The largest intersimulation variability that is present after spinup exists in the time series of relative humidity and wind speed for the time period from 1000 UTC 28 February to 0300 UTC 29 February. Overlaid plots of these time series for all simulations and SPL are displayed in Fig. 3. In the plot of relative humidity, all of the simulations reveal a 1–2-h time lag in the abrupt increase in RH that preceded the onset of snowfall at SPL. As noted on this plot, experiments 4 and 8 exhibit the maximum variability, with temporary deviations from the observed RH of up to 15%–18%; in general, the observed RH varied very little. It is difficult to isolate the reasons for the variability in RH at this one location, because of complex interactions among the dynamics, thermodynamics, and topography, but part of the variability can be attributed to differences in cloud formation and mixing ratio over the SPL site resulting from varying the initial aerosol concentration. Fluctuations in droplet nucleation, vapor growth, and evaporation resulting from changes in the aerosol concentration produce variations in the local RH at the surface at SPL. Less variability was present in the wind speed time series among simulations and between the simulations and observations. The variability in wind speed may be partly related to variations in droplet nucleation in terms of the release of latent heat during condensation. Variations in parcel buoyancy resulting from condensation and evaporation could affect horizontal and vertical motion. The main outliers among the simulations were experiments 1 and 2, both of which use the standard real-time model formulation for cloud-droplet formation. The simulations initialized with CCN and/or GCCN agree more closely to the SPL wind speeds.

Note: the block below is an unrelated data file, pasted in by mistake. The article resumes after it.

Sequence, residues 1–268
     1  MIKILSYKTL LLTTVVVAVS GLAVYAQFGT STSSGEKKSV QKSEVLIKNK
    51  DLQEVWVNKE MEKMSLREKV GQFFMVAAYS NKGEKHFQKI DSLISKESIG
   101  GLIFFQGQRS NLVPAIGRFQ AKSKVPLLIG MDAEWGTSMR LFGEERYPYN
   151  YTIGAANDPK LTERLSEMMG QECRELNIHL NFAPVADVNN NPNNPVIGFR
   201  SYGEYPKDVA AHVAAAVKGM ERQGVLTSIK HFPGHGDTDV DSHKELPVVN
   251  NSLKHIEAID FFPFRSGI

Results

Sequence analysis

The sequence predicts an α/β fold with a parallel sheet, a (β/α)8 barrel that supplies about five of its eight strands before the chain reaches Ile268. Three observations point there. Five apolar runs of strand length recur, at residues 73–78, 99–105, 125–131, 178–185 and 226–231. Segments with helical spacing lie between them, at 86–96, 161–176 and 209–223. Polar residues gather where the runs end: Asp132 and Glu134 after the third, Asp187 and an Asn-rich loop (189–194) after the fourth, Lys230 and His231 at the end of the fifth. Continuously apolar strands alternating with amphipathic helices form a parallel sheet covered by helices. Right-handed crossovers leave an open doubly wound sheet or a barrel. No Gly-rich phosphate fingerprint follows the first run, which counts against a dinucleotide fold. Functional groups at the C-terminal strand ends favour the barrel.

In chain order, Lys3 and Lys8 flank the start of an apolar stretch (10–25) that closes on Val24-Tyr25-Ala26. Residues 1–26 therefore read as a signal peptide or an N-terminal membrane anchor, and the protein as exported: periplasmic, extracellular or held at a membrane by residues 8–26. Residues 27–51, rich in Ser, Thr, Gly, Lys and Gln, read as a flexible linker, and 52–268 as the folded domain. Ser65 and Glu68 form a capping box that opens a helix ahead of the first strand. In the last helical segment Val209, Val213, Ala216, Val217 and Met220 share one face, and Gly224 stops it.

Precipitation accumulation

Model precipitation

The modeled time series of accumulated precipitation from all of the simulations as well as from the Steamboat Springs Ski Patrol Station Headquarters (STM) and the Rabbit Ears Pass SNOTEL station are shown in Fig. 4. Each of the time series in this figure begin accumulation near 1000 UTC 28 February and run through the final time at 1500 UTC 29 February. Despite the different model initializations of aerosols and cloud droplets, all of the simulations perform well in forecasting the accumulation of the liquid equivalent snowfall by the end of the time period. The main difference between the simulations and observations is in the onset of precipitation. The simulations tend to initiate precipitation 3–4 h earlier than that observed at STM. The earlier-than-observed onset of precipitation in the model may be partially due to an early transition from southerly to westerly flow in the model relative to that observed (see Fig. 2d). The wind shift initiated prematurely forecast upslope flow along the north–south-oriented Park Range, in which SPL is situated. In the presence of ample moisture, such a wind transition is highly favorable for precipitation formation along this mountain range. Also of consequence is a time lag in the reporting of precipitation from the STM tipping-bucket gauge. The tipping-bucket gauge is known to produce accurate precipitation measurements, but occasionally there exists an unfortunate time lag in the reporting of precipitation at the time of onset (R. Borys 2004, personal communication). If the time lag is indeed on the order of several hours, it may certainly account for the discrepancy between the model and observations. In either case, the final accumulation magnitudes closely agree by 1500 UTC 28 February. Among the simulations, there exists a variability of 5 mm (∼20%) in total accumulated precipitation at Steamboat Springs. The variability in precipitation across the ensemble of simulations reveals the potential influence of pollution effects and suggests the need for future improved initialization of aerosols from observations so as to improve model forecasting skill.